This week, an influential group of evangelical Christians publicly doubled down on intolerance in a message about lesbian, gay, bisexual and transgender people that represents a renewed commitment to open bigotry.
The Nashville Statement, released by the Council on Biblical Manhood and Womanhood on Tuesday, says that only heterosexuality is permissible, calls people born with intersex conditions “disordered,” derides transgender identities as “transgenderism” and makes clear that anyone who is an L.G.B.T. person is immoral.
While sentiments from a group like this, which describes itself as a “coalition for biblical sexuality,” are nothing new, the statement sent a particularly dangerous message to the approximately half of L.G.B.T. people who, according to the Pew Research Center, identify as Christian: You don’t belong in our religion. And anyone who so much as accepts you isn’t Christian either.
The statement can’t be written off as the regressive stance of a fringe group: More than 150 influential conservative evangelical leaders, half of whom belong to the Southern Baptist Convention, signed the statement. Steve Gaines, president of the Southern Baptist Convention, and James Dobson, founder of Focus on the Family and member of Donald Trump’s faith advisory board, endorsed it. Russell Moore, president of the Southern Baptist Convention’s public policy arm, also signed on. Presidents of seminaries, editors and writers at the largest conservative publications, as well as presidents and directors of conservative think tanks added their names.
The Nashville Statement’s harm is more than symbolic. The hateful beliefs it endorses have real-life, devastating consequences.
L.G.B.T. youths have disproportionately high rates of suicide and of anxiety and depression — problems that are undoubtedly worsened by the condemnation of those who hold beliefs like the ones in the Nashville Statement. Those whose families reject them, most of whom are from religious backgrounds, are 8.4 times more likely to attempt suicide than their straight peers. L.G.B.T. youths also suffer from high rates of homelessness. Because of conservative churches’ teachings about sexuality, some parents prefer their L.G.B.T. children sleep on the streets instead of in their homes.
Evangelicals’ promotion of “reparative therapy” that tries to change L.G.B.T. people’s sexual orientation or gender identity, which has been condemned by every major medical organization, has also brought harm and death. It’s no exaggeration to say that when Americans believe their churches require them to embrace messages like the one in the Nashville Statement, lives are at stake.
More broadly, the type of theology underlying the Nashville Statement is used to defend the denial of goods and services to same-sex couples. The political power evangelicals hold in the United States allows them to codify their beliefs in law. Dozens of “religious freedom restoration acts,” primarily in the form of so-called bathroom bills, have focused on policing the lives of L.G.B.T. people. Since the 2014 decision by the Department of Education to include gender identity under Title IX protections, more than 60 Christian colleges have requested — and many have received — waivers to discriminate against L.G.B.T. students.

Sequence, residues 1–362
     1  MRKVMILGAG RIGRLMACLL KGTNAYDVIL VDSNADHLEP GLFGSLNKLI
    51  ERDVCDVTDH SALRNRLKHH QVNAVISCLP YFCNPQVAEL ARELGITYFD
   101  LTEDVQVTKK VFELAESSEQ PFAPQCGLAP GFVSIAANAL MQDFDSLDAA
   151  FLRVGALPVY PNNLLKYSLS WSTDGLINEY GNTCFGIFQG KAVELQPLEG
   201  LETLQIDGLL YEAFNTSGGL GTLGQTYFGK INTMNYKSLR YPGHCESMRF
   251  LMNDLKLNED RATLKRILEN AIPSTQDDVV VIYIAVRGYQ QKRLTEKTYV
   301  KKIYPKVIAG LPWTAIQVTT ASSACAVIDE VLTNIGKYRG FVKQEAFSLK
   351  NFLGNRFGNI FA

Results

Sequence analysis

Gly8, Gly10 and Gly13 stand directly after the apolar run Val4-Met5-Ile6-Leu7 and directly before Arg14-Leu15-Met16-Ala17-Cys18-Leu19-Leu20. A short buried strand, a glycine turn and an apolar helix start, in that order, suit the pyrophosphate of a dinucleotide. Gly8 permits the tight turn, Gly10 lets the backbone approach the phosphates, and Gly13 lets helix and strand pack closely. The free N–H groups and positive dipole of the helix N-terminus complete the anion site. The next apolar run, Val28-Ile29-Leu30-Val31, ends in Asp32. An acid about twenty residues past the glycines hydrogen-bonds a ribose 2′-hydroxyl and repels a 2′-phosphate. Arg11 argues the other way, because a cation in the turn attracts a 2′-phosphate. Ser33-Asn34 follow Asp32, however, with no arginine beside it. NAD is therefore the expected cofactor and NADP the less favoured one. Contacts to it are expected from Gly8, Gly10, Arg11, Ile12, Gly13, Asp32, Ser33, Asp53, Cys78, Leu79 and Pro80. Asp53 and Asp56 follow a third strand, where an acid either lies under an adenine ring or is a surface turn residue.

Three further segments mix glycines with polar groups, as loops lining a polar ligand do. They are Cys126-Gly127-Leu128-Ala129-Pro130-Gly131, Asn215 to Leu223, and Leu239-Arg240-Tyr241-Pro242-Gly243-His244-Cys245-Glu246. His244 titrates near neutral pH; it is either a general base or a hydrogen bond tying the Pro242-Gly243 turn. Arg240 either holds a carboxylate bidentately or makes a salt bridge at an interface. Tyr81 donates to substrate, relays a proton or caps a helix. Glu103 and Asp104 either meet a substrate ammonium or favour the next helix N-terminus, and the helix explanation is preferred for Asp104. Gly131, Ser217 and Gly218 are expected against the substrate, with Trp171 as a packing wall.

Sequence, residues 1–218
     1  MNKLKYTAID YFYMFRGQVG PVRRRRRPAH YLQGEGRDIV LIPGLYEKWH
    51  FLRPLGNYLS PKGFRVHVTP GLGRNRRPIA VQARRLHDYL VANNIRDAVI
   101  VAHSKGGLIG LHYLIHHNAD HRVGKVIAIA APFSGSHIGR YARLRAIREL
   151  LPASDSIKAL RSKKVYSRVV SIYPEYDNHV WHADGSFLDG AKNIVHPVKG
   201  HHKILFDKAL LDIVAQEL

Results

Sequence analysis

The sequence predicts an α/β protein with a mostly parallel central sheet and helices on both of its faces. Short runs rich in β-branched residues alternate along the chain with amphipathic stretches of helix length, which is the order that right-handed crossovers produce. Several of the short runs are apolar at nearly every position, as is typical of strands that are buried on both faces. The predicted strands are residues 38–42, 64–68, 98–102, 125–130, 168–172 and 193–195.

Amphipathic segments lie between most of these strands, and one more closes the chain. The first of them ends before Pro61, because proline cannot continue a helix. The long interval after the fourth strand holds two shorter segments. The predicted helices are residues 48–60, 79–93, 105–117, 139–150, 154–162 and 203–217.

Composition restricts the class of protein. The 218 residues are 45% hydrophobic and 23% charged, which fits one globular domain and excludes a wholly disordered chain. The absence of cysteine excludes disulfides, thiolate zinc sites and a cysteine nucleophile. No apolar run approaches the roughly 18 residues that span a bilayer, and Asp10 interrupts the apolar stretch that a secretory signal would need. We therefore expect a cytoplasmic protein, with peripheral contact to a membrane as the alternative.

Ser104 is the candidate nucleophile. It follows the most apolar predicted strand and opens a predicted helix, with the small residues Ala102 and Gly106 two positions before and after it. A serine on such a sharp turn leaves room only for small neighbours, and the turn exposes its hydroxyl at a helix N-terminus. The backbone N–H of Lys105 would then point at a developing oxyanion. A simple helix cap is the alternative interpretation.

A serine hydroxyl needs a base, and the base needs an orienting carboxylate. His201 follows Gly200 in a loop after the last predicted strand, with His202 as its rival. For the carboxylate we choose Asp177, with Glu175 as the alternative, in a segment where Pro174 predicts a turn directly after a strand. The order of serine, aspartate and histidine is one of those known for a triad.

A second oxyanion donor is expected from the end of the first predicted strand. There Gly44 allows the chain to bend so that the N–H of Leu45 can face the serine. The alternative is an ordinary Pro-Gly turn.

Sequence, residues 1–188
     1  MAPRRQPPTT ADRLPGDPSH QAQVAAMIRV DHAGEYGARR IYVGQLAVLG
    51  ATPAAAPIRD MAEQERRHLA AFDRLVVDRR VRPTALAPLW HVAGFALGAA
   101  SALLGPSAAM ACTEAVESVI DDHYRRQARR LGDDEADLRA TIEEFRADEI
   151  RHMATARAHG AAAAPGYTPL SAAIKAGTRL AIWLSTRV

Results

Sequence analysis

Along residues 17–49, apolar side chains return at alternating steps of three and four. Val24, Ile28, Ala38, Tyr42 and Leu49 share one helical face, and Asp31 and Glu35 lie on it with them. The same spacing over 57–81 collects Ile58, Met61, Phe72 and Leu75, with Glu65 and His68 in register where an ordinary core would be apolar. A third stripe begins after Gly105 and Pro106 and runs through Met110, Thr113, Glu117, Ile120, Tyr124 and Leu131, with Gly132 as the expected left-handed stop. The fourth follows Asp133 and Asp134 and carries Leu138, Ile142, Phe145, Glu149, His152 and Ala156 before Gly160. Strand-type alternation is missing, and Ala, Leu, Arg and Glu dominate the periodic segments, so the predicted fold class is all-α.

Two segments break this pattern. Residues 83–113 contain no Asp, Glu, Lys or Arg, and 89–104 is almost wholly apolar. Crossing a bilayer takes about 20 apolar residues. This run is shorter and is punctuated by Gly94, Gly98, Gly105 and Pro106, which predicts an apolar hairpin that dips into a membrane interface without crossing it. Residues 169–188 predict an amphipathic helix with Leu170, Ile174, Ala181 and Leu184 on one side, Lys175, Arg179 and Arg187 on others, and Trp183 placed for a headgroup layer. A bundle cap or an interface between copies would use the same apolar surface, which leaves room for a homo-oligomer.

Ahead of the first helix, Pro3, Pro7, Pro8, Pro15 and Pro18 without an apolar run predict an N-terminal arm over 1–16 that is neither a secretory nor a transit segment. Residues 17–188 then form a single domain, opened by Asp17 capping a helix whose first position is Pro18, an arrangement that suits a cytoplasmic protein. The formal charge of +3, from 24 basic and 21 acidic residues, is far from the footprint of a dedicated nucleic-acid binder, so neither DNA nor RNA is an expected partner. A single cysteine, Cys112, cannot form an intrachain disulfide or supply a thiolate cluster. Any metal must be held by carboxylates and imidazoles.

The backlash to the statement was swift and encouraging. The hashtag #NashvilleStatement trended on Twitter shortly after it was released. Civil rights activists, authors and celebrities — Christian and non-Christian alike —
Perhaps this was fueled in part by the perception of hypocrisy surrounding the statement. Eighty percent of white evangelicals support Donald Trump, despite conduct in his personal life that flagrantly departs from traditional Christian values and his admission that he has never asked God for forgiveness — prompting the question of whether the set of religious issues these Christians choose to focus on is politically rather than morally motivated.
But as a queer Christian who does organizing work at the intersections of faith and sexuality, I’m most heartened by those who have spoken out against the backward theology of the Nashville Statement specifically because of the serious harm it poses to people like me.
Mayor Megan Barry of Nashville was quick to say that the statement was not a representation of the inclusive values of her city and its residents. Representative Ted Lieu of California also denounced the statement, pointing to Scripture’s commandment to love your neighbor. A prominent Lutheran minister, Nadia Bolz-Weber, criticized “shortsighted and limited thinking, teaching and preaching that has ruined lives and dishonored God.”
Christians United delivered an important countermessage to those left adrift by the rejection from their religious leaders: “We deny that Christ rejects anyone from his loving embrace because of their sexuality or gender identity. We likewise deny that homosexuality, bisexuality, queer sexuality, trans identity, asexuality, or any other queer identity is sinful, distorted, or outside of God’s created intent.”
Members of the clergy and laity, Christians and non-Christians, politicians and citizens, should continue to speak with one moral voice against this kind of dangerous intolerance. Every time it manifests itself, whether in a widely publicized statement or a message from a hometown pastor, we should condemn theology that causes L.G.B.T. people harm as the spiritual malpractice that it is.